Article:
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3 Secrets That Help Young Leaders Soar At Work

young leaders

We’ve had a lot of young leaders join our team over the last few years, some straight out of college.

Despite all the stereotypes about young leaders, I actually love working with young leaders and have seen them do amazing work.

But as their boss, one of the key challenges I’ve faced is helping them acclimatize to working in a team setting with others.

Over the last few years, I’ve discovered a few key practices (call them secrets if you like)  that can help create traction fast and even soar at work.

When I’ve coached young leaders (some as young as 19) in these three areas, I’ve seen their performance move from good to great in months.

The best thing about these practices is that anyone can learn them quickly. Frankly, they’ve served as great reminders to me as well,  regardless of the fact that I’ve been leading for a few decades now. The more I exhibit these traits (and everyone does), the better things go.

These secrets work especially well with young leaders because it seems to be a skill set they’re lacking as they enter the workplace.

So if you’re a young leader, try embracing these. If you coach young leaders like I do, try coaching them in these three areas.

So what are the secrets? Here you go:

1.  Be ProActive

So many problems emerge when people fail to take action.

Inactivity, uncertainly and hesitation create all kinds of confusion in organizations, and sadly, it’s way more normal than you’d expect.

Things fall behind schedule, issues never get dealt with and frustration rises.

As a result, uncertainty plagues leaders who are starting out because they’re trying to figure out whether they’re allowed to act or not.

Proactivity solves so much of that.

My advice to young leaders is this: don’t wait for someone to ask you to solve a problem, start tackling it.

My advice to young leaders is this: don't wait for someone to ask you to solve a problem, start tackling it. Click To Tweet

If you’re really uncertain whether that’s a good idea or not, then ask.  My guess is your boss will be grateful you saw the problem and might give you full permission to handle it. I tend to do that.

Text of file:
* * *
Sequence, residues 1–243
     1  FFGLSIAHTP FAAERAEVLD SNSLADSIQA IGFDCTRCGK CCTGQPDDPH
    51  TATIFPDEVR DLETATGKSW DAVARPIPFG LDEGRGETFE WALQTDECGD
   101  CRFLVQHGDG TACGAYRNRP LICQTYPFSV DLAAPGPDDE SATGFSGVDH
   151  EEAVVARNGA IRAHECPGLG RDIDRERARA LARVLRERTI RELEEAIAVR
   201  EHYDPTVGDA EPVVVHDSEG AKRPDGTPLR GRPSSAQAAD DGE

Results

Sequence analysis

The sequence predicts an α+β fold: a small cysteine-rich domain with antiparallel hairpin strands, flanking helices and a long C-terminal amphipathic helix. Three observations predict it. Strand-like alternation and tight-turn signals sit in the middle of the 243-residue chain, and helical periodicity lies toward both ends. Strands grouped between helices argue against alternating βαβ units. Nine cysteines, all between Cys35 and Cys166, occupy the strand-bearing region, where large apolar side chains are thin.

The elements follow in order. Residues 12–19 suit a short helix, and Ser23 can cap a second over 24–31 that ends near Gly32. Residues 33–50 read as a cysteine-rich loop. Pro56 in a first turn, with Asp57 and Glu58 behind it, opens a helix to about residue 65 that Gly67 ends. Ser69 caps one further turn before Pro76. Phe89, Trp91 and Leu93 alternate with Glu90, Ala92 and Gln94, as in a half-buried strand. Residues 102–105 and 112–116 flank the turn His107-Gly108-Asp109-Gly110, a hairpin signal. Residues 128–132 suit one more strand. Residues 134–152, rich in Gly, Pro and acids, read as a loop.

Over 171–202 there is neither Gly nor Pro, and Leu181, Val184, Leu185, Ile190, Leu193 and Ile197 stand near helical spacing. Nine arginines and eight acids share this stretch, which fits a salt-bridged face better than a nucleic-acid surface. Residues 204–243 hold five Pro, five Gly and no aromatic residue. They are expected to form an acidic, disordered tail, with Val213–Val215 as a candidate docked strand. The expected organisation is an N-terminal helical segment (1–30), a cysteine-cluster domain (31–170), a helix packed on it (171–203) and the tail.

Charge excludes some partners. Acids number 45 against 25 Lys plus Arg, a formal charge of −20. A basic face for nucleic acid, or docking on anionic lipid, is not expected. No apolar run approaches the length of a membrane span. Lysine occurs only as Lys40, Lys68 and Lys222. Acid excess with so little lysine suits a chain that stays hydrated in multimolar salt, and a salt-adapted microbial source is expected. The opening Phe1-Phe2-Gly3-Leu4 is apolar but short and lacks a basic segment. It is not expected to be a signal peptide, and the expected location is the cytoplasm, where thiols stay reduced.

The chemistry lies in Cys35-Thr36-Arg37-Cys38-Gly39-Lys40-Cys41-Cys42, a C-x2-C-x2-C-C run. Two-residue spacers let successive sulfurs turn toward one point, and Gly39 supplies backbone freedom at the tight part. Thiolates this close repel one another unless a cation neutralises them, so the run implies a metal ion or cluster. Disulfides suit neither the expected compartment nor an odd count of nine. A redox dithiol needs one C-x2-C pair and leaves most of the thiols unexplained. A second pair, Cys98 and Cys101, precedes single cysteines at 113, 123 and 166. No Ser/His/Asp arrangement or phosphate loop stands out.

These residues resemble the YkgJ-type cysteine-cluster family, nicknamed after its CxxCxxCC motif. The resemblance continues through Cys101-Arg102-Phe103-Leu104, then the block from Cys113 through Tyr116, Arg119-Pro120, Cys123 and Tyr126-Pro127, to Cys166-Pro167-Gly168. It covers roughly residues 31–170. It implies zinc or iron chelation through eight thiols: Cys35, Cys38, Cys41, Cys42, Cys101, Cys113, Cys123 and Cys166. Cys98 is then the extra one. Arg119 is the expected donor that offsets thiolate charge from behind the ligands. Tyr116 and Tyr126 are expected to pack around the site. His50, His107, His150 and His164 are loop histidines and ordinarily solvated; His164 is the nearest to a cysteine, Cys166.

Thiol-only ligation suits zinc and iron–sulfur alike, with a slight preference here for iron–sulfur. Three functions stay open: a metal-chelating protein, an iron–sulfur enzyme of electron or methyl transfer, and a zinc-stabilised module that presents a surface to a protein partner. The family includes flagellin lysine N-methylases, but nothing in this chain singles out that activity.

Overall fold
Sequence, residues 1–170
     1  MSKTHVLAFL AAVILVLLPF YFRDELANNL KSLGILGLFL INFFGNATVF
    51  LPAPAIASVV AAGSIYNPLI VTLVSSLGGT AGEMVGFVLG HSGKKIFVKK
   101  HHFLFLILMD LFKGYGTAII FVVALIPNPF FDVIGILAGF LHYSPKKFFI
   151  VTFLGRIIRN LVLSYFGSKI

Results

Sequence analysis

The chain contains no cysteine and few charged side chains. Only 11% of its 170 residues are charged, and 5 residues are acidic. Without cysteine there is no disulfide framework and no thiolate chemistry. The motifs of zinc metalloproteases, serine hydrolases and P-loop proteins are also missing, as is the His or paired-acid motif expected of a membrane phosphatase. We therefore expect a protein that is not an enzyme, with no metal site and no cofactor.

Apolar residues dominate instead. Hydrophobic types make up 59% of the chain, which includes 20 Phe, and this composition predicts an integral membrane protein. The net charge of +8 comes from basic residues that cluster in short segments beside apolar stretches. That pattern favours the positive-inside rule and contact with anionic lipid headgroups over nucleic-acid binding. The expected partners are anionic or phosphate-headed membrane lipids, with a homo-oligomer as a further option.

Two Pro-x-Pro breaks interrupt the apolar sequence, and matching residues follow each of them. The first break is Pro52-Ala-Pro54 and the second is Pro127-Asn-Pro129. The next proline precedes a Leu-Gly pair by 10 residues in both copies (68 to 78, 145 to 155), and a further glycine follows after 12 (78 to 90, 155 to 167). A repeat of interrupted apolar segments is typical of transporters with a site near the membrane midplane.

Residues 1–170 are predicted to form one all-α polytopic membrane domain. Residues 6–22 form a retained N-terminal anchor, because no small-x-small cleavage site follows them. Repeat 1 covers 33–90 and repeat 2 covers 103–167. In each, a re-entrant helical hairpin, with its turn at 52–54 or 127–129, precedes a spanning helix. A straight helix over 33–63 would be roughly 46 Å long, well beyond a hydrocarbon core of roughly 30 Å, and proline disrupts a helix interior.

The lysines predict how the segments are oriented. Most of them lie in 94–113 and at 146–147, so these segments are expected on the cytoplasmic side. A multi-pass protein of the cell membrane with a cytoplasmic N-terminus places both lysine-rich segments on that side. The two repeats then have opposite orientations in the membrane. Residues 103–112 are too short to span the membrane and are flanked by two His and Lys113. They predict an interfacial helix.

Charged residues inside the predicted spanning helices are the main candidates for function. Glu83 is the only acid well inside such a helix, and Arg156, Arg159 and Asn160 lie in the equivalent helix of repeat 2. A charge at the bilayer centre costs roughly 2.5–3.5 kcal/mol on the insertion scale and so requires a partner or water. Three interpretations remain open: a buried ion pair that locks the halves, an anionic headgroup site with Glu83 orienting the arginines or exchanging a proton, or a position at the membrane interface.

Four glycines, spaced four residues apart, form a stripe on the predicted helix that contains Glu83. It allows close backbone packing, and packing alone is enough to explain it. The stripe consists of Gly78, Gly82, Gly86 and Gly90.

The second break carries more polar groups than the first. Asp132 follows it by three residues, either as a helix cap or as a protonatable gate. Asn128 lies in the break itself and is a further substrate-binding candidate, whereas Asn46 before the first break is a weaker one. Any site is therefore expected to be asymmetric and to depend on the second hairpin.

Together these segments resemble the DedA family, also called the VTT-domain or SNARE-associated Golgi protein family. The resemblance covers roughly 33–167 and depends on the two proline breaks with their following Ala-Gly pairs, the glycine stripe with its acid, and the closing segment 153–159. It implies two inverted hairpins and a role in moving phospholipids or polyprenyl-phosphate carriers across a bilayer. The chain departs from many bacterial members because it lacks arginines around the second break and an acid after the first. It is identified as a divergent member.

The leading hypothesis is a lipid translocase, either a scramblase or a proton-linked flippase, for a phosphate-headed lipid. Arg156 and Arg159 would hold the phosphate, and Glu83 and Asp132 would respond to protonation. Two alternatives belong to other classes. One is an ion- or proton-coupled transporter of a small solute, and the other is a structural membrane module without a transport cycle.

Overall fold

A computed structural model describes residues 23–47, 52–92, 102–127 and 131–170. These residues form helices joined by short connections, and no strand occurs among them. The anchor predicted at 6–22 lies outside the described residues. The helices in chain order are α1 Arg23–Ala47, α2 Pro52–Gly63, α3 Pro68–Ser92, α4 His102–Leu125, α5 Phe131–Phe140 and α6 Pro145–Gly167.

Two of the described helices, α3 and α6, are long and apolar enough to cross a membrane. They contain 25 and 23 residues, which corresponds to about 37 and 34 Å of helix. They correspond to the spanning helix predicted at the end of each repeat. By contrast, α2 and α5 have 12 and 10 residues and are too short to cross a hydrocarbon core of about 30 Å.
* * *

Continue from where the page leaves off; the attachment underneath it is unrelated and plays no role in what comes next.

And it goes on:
On the other hand, if the problem is clearly in your area,  solve it.  A good rule of thumb: if you see it, solve it.

If you just sit there wondering, stop wondering, and do something.  It will solve a host of potential problems.

It might even get you promoted.

if you see it, solve it. Being proactive might even get you promoted. Click To Tweet

2. Take Responsibility

Often in a team setting, responsibility for tasks is unclear.

As a result, it’s a good idea to take responsibility for moving a project from inception to completion.

Even if you are engaging lots of other people to get it done, a project well executed from start to finish creates a great track record for young leaders.  Just assume responsibility.

Another situation in which responsibility comes into play is when clarity is lacking.

Say your team generates an idea, but no one is clear about follow-through.  Or an email lands in several inboxes but no one is sure about next steps.

This is a young leader’s chance to do two things.

First, clarify responsibility. Ask “what would you like me to do?

And second, offer to assume responsibility.

Seasoned team members tend to love young team members who take initiative. I know I do.

A project well executed from start to finish creates a great track record for young leaders. Just assume responsibility. Click To Tweet

3. Over-Communicate

I am convinced you can almost never over-communicate.

Marriages and families collapse because of poor communication, and so do teams and organizations.

A good rule of thumb in leadership is when in doubt, communicate.